const ourOrigins = [
  'https://protect-card.example.com',
];

const visitorDataOrigin = new URL(visitorData.visits[0].url).origin;
if (
  (visitorDataOrigin !== request.headers['origin'] ||
    !ourOrigins.includes(visitorDataOrigin) ||
    !ourOrigins.includes(request.headers['origin']))
) {
  reportSuspiciousActivity(req);
  return getForbiddenReponse();
}
  • In real-world applications, we want to prevent chargeback frauds. Check if this visitorId has a positive chargeback history. Prevent users with positive chargeback history from placing new orders without further investigation.
// Gets all chargebacks during the last 365 days for the visitorId.
const countOfChargebacksForVisitorId = await db.query("SELECT COUNT(*) AS count FROM payment_attempts WHERE visitor_id = ? AND is_chargebacked = 1 AND timestamp > ?", [visitorId, new Date().getTime() - 365 * 24 * 60 * 1000]);

// If the visitorId performed more than 1 chargeback during the last 1 year we do not process the payment.
// The count of chargebacks and time window might vary.
if (countOfChargebacksForVisitorId.count > 1) {
  persistPaymentAttempt();
  reportSuspiciousActivity(req);
  return getForbiddenReponse();
}
  • We typically want to forbid placing orders for users who historically used stolen cards.
// Get all attempts with a stolen credit card for the given visitorId.
const stolenCardUsedCount = await db.query("SELECT COUNT(*) AS count FROM payment_attempts WHERE visitor_id = ? AND used_stolen_card = 1", [visitorId]);

// If the visitorId performed more than 1 payment with a stolen card during the last 1 year we do not process the payment.
// The time window duration might vary.
if (stolenCardUsedCount.count > 0) {
  persistPaymentAttempt();
  reportSuspiciousActivity(req);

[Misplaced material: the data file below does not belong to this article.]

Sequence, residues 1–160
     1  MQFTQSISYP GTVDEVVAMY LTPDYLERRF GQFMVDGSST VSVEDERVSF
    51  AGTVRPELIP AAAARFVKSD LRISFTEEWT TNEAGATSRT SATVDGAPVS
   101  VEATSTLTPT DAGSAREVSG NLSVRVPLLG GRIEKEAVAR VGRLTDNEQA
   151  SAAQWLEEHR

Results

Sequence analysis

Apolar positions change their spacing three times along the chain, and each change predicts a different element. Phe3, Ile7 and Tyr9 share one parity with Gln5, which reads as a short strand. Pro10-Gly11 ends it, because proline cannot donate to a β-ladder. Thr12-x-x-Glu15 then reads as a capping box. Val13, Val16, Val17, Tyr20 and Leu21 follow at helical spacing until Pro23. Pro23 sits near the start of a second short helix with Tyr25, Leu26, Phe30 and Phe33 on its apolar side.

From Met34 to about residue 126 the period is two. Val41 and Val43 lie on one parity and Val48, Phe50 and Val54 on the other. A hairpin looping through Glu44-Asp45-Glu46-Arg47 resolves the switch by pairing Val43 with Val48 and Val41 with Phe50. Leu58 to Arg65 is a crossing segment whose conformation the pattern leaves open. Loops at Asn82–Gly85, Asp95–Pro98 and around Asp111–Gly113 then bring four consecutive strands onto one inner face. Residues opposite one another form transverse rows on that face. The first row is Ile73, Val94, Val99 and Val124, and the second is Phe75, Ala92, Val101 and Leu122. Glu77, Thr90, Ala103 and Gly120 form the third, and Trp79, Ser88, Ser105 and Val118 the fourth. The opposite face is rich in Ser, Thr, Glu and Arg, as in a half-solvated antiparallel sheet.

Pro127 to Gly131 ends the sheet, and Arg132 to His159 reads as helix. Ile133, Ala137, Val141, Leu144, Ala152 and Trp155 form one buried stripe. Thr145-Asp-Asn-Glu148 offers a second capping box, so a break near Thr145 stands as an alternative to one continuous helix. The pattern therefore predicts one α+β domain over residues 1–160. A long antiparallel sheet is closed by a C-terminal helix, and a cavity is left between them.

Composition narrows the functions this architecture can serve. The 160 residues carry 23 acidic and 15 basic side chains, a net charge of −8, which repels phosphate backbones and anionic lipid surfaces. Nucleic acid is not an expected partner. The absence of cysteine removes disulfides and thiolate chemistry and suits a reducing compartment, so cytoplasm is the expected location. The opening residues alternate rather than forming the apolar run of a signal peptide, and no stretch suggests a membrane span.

return getForbiddenReponse();
  }
  • Card cracking (also known as carding) happens when fraudsters look to exploit the systems of e-commerce businesses to gather credit card information. Fraudsters may have obtained partial card information beforehand, or they can be starting from scratch. We typically want to forbid placing orders to users who historically used stolen cards as we did in the previous step or those who try the excessive amount of credit card details.
// Gets all unsuccessful attempts for the visitorId during the last 365 days.
const invalidCardAttemptCountQueryResult = await db.query("Select COUNT(*) as count from payment_attempts where visitor_id = ? and timestamp > ? and check_result != 'Passed'", [visitorId, new Date().getTime() - 365 * 24 * 60 * 1000]);

// If the visitorId performed 3 unsuccessful payments during the last 365 days we do not process any further payments from them.
// The count of attempts and time window might vary.
if (invalidCardAttemptCountQueryResult.count > 2) {
  persistPaymentAttempt();
  reportSuspiciousActivity(req);
  return getForbiddenReponse();
}

Challenge Actions

You can require additional verification or authentication steps to stop fraudsters from further progress for suspicious payment attempts as defined by your suspicious activity logic. In all the cases above, we suggest ignoring payment attempts, notifying possible account owners about the suspicious activity via email/SMS/phone, or challenging the attempted payment with two-factor authentication in specific scenarios.

Explore our Payment Fraud prevention demo

We have built a Payment Fraud prevention demo to demonstrate the above concepts. Use this demo to see how you can use Fingerprint Pro in conjunction with simple logic rules to protect a payment form. If you want to explore code, check our interactive Stackblitz demo or open-source GitHub repository. If you have any questions, please feel free to reach out to support@fingerprint.com.